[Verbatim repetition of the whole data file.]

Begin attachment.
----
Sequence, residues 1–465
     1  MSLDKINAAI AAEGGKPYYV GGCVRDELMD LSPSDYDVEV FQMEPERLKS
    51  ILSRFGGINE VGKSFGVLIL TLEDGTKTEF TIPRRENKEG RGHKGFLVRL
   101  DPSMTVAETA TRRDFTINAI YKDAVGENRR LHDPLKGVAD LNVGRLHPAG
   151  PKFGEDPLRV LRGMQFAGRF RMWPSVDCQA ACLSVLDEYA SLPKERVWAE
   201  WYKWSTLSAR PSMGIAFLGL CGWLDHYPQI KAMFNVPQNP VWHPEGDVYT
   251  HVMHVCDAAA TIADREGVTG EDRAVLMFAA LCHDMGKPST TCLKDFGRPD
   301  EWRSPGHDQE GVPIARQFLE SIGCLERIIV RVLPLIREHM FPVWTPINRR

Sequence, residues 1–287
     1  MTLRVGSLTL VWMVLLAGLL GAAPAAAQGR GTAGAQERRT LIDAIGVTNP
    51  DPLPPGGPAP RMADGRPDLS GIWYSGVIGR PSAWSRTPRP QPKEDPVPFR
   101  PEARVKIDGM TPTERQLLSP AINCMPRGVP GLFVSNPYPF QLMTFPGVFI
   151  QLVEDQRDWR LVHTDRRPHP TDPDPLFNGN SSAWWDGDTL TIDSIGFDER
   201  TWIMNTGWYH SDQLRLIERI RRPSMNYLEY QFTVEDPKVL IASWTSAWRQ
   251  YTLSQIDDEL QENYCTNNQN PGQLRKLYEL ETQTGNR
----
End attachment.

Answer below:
Sequence, residues 1–465
     1  MSLDKINAAI AAEGGKPYYV GGCVRDELMD LSPSDYDVEV FQMEPERLKS
    51  ILSRFGGINE VGKSFGVLIL TLEDGTKTEF TIPRRENKEG RGHKGFLVRL
   101  DPSMTVAETA TRRDFTINAI YKDAVGENRR LHDPLKGVAD LNVGRLHPAG
   151  PKFGEDPLRV LRGMQFAGRF RMWPSVDCQA ACLSVLDEYA SLPKERVWAE
   201  WYKWSTLSAR PSMGIAFLGL CGWLDHYPQI KAMFNVPQNP VWHPEGDVYT
   251  HVMHVCDAAA TIADREGVTG EDRAVLMFAA LCHDMGKPST TCLKDFGRPD
   301  EWRSPGHDQE GVPIARQFLE SIGCLERIIV RVLPLIREHM FPVWTPINRR

Sequence, residues 1–287
     1  MTLRVGSLTL VWMVLLAGLL GAAPAAAQGR GTAGAQERRT LIDAIGVTNP
    51  DPLPPGGPAP RMADGRPDLS GIWYSGVIGR PSAWSRTPRP QPKEDPVPFR
   101  PEARVKIDGM TPTERQLLSP AINCMPRGVP GLFVSNPYPF QLMTFPGVFI
   151  QLVEDQRDWR LVHTDRRPHP TDPDPLFNGN SSAWWDGDTL TIDSIGFDER
   201  TWIMNTGWYH SDQLRLIERI RRPSMNYLEY QFTVEDPKVL IASWTSAWRQ
   251  YTLSQIDDEL QENYCTNNQN PGQLRKLYEL ETQTGNR